Nanoparticles have gained considerable attention in the field of nanoscience and nanotechnology mainly due to their size, structure and functions which provides a high surface area as compared to the bulk materials. They have been employed in various fields such as in drug delivery, biosensors, therapeutics etc. Many nanoparticles are known to have antimicrobial properties and can be manipulated according to the desired application. Thus, they can provide a means for developing new drugs with enhanced activity and effectivity.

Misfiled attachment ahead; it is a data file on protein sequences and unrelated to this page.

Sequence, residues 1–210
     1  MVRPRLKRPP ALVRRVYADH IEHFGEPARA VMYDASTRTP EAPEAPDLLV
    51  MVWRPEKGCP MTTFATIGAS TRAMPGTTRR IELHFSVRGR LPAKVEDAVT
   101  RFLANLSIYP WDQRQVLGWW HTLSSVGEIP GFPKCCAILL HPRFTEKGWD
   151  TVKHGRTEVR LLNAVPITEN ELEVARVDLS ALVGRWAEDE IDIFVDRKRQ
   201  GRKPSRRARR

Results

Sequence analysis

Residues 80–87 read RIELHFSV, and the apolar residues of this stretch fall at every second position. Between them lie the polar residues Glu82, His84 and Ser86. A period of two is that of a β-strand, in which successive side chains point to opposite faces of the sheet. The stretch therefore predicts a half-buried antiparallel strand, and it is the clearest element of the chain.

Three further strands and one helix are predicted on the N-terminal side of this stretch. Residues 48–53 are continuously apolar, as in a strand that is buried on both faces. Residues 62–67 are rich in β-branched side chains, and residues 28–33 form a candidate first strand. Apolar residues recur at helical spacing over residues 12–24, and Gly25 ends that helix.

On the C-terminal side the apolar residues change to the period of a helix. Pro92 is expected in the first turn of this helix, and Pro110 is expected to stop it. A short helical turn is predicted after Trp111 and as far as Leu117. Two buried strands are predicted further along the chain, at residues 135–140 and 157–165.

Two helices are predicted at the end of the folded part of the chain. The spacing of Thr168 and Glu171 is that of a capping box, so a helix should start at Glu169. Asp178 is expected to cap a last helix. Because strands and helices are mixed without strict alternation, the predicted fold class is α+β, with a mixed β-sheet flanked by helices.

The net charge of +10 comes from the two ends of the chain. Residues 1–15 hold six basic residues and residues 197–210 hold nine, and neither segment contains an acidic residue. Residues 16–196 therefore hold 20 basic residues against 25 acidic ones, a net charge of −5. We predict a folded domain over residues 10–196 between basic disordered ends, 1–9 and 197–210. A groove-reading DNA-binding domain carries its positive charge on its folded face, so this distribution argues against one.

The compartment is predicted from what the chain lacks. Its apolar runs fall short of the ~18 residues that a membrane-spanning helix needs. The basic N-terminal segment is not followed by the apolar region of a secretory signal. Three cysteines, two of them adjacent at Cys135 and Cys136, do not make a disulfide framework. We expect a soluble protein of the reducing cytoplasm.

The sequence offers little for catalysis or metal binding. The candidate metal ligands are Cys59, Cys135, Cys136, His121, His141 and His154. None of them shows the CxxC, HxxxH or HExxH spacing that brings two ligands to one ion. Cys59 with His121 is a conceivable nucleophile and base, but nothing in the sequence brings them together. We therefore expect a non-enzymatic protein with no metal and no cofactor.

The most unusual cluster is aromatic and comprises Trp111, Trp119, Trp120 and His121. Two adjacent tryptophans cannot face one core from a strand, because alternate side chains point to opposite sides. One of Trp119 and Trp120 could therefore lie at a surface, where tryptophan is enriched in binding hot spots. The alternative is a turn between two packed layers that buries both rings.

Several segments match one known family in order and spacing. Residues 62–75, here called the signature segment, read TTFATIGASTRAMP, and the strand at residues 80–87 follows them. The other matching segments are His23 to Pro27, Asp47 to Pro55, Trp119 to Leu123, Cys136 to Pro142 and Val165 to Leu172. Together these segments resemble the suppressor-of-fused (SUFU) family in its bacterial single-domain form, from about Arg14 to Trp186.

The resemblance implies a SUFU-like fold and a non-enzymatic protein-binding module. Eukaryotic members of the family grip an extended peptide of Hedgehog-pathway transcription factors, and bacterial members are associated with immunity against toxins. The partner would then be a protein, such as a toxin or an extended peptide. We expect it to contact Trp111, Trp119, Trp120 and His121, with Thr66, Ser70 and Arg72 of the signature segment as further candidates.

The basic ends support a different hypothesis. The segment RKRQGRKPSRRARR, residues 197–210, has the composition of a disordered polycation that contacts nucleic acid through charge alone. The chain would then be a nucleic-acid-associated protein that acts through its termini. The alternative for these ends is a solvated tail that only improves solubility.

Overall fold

A large number of chemical and physical methods of nanoparticle synthesis have already been used to successfully produce nanoparticles with good antimicrobial properties. However, these methods have certain drawbacks such as release of toxic chemicals, expensive machinery, complicated techniques etc. These issues can be sorted by the use of biosynthesis methods of nanoparticle production which can either employ plants or microorganisms in the synthesis process, plants being more preferable due to the unpredictable nature of microorganisms. Aconitum heterophyllum has shown strong antimicrobial as well as antifungal properties. They can be used in the treatment of a multitude of skin infections such as dry skin, itching, rashes as well can fungal infections such as candidiasis etc. With the help of such plants, we can help impart important characters to the nanoparticles to improve their performance. In this study the gold nanoparticles were synthesized using the leaf extract of Aconitum heterophyllum plant. The nanoparticles were then characterized by using techniques such as UV-visible spectroscopy, Fourier transform infrared sprectroscopy, zeta potential, XRD, AFM, TEM, STEM and EDX analysis. These methods helped to identify the functional groups donated by the plant extract to the synthesized nanoparticles as well as study their shape, size, structure and behavior. The nanoparticles were then tested for antimicrobial activity against a range of microorganisms and their minimum inhibitory concentration was identified. Their activity against the biofilm formed from the bacteria, Staphylococcus aureus was also identified. The nanoparticles were also tested for photocatalytic degradation properties.